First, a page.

We have sent invitations to around 85 countries, the IMF and the Eurostat, requesting central banks to nominate a staff members (a principal and an alternate) with technical knowledge of balance of payments concepts and more specifically, compilation of data on remittance flows (inbound or outbound). The staff members’ level would be in terms of experience and expertise and responsibilities to perhaps a lead economist or experienced senior economist level staff of the World Bank or the IMF. In many central banks, that might imply a director or head of the division level.

Some degree of flexibility may be required, and the nominee(s) may need to involve/consult other colleagues from their organization.

What are the countries that already expressed their interest in participating in the Working Group?

As of June 6, 2022, confirmations have been received from Countries: Australia, Azerbaijan, Bangladesh, Belgium, Bosnia and Herzegovina, Brazil, Comoros, Croatia, Dominican Republic, Egypt, El Salvador, the Gambia, Georgia, Germany, Guatemala, India, Italy, Ireland, Republic of Korea, Kosovo, Kuwait, Lebanon, Mexico, Moldova, Montenegro, Myanmar, Norway, Pakistan, Peru, Philippines, Poland, Saudi Arabia, Serbia, Spain, Sri Lanka, Tajikistan, Thailand, Turkey, Uganda, Ukraine, and Zimbabwe, the IMF, EUROSTAT, European Commission, and the World Bank.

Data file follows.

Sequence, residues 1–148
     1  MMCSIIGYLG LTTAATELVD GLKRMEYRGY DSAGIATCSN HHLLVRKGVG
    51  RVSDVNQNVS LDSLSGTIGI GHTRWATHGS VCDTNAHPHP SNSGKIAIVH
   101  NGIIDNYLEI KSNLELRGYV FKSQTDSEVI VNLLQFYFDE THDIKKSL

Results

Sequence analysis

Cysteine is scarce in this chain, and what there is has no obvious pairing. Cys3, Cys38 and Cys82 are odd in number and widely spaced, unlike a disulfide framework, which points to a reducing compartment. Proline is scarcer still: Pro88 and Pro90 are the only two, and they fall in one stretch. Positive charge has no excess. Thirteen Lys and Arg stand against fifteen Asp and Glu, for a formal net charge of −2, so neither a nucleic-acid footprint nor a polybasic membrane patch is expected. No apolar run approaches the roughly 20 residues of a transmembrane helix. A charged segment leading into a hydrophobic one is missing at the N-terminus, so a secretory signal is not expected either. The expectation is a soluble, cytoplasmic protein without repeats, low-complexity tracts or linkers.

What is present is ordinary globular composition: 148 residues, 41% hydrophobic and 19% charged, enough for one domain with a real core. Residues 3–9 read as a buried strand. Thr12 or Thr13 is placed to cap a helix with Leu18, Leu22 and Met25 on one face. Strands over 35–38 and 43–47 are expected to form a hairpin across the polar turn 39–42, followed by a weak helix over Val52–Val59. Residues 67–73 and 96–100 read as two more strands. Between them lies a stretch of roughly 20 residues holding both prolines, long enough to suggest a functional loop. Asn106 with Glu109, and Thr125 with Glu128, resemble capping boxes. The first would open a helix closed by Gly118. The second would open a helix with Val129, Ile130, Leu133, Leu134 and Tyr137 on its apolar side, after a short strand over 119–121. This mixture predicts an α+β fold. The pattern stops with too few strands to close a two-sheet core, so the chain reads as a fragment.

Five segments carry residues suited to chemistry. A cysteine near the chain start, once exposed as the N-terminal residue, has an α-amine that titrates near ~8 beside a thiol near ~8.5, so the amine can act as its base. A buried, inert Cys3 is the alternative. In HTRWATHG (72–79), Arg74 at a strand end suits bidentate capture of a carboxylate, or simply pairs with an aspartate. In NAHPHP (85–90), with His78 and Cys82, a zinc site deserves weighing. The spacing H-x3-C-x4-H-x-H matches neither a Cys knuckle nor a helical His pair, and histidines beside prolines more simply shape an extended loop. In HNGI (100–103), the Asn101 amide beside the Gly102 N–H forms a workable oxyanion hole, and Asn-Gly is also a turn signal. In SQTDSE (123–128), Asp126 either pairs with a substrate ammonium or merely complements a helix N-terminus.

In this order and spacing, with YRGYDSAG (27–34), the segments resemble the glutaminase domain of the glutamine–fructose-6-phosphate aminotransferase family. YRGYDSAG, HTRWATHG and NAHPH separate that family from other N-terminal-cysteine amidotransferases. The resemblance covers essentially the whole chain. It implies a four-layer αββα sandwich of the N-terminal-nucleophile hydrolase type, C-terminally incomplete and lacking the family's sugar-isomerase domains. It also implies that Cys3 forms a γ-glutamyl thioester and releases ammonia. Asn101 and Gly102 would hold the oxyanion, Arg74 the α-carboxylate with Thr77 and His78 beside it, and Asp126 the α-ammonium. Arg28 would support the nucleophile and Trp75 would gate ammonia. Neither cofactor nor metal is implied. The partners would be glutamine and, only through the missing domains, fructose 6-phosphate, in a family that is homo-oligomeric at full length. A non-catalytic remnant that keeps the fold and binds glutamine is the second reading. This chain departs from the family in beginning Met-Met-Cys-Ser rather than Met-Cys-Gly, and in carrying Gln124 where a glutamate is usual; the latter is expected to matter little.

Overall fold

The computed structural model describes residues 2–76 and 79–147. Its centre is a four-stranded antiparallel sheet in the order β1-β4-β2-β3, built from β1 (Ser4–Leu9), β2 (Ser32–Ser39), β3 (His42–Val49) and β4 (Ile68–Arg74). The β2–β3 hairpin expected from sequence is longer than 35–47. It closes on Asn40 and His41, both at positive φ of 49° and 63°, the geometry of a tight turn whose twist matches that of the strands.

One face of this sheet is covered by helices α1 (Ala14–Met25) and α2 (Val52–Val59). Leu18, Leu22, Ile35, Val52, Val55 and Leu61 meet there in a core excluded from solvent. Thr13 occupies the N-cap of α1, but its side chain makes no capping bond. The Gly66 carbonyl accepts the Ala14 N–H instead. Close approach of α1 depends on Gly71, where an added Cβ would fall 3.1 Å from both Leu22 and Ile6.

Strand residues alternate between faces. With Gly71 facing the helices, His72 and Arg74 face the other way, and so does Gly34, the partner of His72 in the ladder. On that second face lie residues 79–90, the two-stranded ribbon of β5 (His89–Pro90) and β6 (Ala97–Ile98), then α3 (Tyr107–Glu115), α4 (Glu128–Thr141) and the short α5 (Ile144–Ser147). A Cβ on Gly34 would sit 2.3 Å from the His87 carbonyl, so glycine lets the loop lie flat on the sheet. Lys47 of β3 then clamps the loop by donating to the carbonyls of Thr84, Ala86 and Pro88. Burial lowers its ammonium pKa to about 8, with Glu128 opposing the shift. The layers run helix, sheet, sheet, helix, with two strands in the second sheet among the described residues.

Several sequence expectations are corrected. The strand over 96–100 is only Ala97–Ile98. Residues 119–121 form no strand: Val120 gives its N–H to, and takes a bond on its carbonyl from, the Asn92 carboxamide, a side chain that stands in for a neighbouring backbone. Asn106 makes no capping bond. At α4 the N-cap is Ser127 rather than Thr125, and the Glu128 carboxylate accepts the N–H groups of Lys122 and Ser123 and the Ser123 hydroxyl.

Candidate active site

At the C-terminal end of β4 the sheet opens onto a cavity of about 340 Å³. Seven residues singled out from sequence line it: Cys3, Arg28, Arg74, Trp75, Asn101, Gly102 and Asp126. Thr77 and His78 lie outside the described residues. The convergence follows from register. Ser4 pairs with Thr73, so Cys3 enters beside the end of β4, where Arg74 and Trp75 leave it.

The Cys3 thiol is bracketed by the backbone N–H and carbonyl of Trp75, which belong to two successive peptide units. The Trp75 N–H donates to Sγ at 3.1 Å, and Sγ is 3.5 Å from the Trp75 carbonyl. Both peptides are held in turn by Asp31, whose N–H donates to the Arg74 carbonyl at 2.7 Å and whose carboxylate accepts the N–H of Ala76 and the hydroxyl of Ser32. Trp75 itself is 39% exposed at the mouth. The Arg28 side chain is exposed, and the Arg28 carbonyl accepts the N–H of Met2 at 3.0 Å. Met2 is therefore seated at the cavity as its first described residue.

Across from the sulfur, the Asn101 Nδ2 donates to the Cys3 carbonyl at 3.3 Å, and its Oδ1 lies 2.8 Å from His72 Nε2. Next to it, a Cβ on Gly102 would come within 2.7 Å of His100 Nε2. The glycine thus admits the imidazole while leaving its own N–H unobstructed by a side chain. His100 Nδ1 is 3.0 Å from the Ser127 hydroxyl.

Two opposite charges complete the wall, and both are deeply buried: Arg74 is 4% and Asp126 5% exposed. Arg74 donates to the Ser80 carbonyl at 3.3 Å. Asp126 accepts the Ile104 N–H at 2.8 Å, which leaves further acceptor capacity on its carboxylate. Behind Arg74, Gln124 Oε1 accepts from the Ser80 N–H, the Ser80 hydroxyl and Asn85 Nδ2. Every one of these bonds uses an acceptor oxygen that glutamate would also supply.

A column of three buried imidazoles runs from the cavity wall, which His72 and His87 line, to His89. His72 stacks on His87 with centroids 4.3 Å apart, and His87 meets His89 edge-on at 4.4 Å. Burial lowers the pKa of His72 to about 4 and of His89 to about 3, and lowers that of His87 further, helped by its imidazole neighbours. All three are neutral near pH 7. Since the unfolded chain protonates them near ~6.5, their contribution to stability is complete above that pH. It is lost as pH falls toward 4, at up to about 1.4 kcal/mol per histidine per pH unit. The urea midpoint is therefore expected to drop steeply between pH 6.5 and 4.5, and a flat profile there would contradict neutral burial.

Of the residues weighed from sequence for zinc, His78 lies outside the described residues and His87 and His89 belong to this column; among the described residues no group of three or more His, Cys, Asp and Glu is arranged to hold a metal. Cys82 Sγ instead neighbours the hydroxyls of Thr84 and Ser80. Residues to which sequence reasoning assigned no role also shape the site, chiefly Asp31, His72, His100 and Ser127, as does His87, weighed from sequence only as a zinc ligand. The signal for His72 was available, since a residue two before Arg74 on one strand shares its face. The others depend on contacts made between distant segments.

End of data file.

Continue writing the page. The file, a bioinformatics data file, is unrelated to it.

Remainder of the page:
Process and Timeline

Thematic Groups

Members will be invited to join one or more of the following six thematic groups:

  • High-frequency data on remittance flows (monthly and quarterly, Big Data)
  • Remittance channels and instruments
  • Bilateral remittance flows
  • Types of senders and recipients (by type of migrants)
  • Definition and data compilation guidelines (to address misclassification, improve comparability over time and across countries)
  • Estimation of unregulated flows

Recognizing that these themes are not mutually exclusive, cross-cutting issues such as gender and type of migrants (for example, high-skilled and low-skilled, transit and return migrants, temporary and permanent migrants, forced and economic migrants)


The first working meeting of experts was held virtually, in three separate 2-hour sessions, in June 2022. In these sessions the terms of reference of the thematic groups were finalized. An in-person meeting of all the thematic groups was held in May 2023 in Brussels to prepare the outline of the report. The final report will be prepared by the end of 2023.

Members of the working group will be briefed on progress on a regular basis.